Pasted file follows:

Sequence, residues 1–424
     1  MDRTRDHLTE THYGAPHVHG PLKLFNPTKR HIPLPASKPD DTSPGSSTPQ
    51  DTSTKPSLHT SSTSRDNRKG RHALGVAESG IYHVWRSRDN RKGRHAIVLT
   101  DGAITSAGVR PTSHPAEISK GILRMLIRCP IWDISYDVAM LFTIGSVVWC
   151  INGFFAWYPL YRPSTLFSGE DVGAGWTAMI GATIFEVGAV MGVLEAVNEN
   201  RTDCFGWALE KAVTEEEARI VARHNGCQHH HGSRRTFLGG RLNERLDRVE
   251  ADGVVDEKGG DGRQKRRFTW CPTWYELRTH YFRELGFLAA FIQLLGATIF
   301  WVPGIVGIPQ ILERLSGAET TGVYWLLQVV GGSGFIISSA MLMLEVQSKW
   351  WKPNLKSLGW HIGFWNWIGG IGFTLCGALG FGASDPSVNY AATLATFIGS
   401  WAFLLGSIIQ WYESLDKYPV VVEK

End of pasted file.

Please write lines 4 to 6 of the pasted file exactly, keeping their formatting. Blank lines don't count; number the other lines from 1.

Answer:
   101  DGAITSAGVR PTSHPAEISK GILRMLIRCP IWDISYDVAM LFTIGSVVWC
   151  INGFFAWYPL YRPSTLFSGE DVGAGWTAMI GATIFEVGAV MGVLEAVNEN
   201  RTDCFGWALE KAVTEEEARI VARHNGCQHH HGSRRTFLGG RLNERLDRVE